The public cloud and edge computing are both technologies that supplement the traditional data center and help optimize resource utilization and management, but they aren't ideal for every organization or scenario. Use case plays a big factor in which deployment model makes the most sense for certain workloads, but before IT administrators can decide whether to use the cloud or edge -- or, more likely, a mix of both -- they need to understand the pros and cons of each.
Cloud computing basics
By now, most people are familiar with cloud computing: A platform is created where resources -- compute, storage and network -- can be applied flexibly to a workload in a highly virtualized manner to better meet the needs of modern dynamic workloads.
Advantages of cloud computing
Cloud has many advantages, including:
- Highly dynamic flexible resource provisioning. With the right configuration, cloud can flex the resources applied to a workload on demand. For example, a workload that has a sudden spike in its need for compute power can have this applied from virtual resource heaps. When the spike is over, the resource can be freed up and placed back in the heap, ready for the next workload's requirements.
- Highly virtualized. Again, in a well-architected cloud, the virtualization of the platform means workloads gain high levels of portability. An instance of an app can be moved from one part of the cloud to another, if required -- and this can be done rapidly. This improves availability and performance.
Disadvantages of cloud computing
Cloud also has its disadvantages, including:
- There still remains a resource ceiling. This is true, particularly in private clouds. No organization wants to run a platform where it's paying for too much spare resource capacity. The costs associated with poor resource utilization include not only the power requirements to keep everything running, but the overall size of a data center, the cooling required, licensing of operating systems and apps, maintenance and so on. Public clouds are most likely already managing hundreds of thousands of workloads, and so can better handle this aspect; private clouds only managing tens to hundreds of workloads might not have the resource headroom.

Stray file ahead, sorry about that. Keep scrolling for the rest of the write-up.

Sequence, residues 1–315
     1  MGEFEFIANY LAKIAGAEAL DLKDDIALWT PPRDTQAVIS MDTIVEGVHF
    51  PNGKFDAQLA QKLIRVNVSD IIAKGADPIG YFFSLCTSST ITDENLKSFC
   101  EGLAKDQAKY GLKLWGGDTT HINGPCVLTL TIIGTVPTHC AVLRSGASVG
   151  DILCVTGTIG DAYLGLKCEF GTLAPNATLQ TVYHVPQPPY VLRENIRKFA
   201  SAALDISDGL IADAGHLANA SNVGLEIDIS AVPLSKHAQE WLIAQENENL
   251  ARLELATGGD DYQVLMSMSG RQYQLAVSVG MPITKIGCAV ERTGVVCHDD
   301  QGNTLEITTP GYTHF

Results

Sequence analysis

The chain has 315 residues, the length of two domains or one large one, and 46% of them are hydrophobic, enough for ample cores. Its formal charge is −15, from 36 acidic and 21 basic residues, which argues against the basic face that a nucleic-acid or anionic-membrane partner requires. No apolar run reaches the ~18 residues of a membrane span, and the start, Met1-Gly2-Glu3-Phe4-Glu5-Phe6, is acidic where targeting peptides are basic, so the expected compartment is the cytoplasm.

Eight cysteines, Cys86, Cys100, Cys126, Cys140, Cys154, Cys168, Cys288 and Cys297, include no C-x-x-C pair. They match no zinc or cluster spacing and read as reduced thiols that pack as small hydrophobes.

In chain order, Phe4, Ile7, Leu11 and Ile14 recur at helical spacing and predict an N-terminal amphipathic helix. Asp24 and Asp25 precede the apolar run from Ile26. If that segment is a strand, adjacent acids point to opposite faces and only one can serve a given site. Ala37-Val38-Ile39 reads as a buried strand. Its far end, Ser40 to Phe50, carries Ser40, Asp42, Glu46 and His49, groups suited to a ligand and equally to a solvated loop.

- Difficulties in dealing with more physical aspects of an environment. Although the virtualization of resources is a powerful plus for cloud, it can't be done when there is a dependence on the physical position or capabilities of a single asset.
- Public clouds aren't generally connected to the more physical needs of an organization through high-bandwidth links. Using a centralized cloud platform in an environment is generally a good idea. However, if that cloud has a dependence on a slow, lower bandwidth connection to access data from an environment, major issues such as data sawtoothing and packet collisions might occur when data loads are high.
Cloud in a modern IT environment
Objectively, cloud is a great idea, but it does hit some issues when looking at changes in the IT environment over the past couple of years. The main one is the burgeoning area around IoT. Here, devices are dotted around an organization's physical IT environment, carrying out a range of different tasks from simple measurements to complex actions against the requirements of, say, a production line or smart building. IoT devices are data-rich, as they tend to create a lot of data. This data tends to be chatty -- it isn't a continuous stream but created over a time series of events. Much of the data is useless; IoT devices tend to create data that is often just a case of stating that everything is OK. Such data doesn't need to traverse the network, but many IoT devices don't have the built-in intelligence to know this.
Herein lies the dichotomy: trying to fully manage an IoT environment through a full cloud platform isn't the optimal way of doing things. The problem is that for a cloud to deal with all the data created by these IoT devices, all that data must traverse the network to where that cloud capability resides. This then leads to latency in the data itself, along with what can be a major hit on the overall bandwidth of the cloud, even with the resource flexibility that cloud brings into play. Luckily, there is another option: edge computing.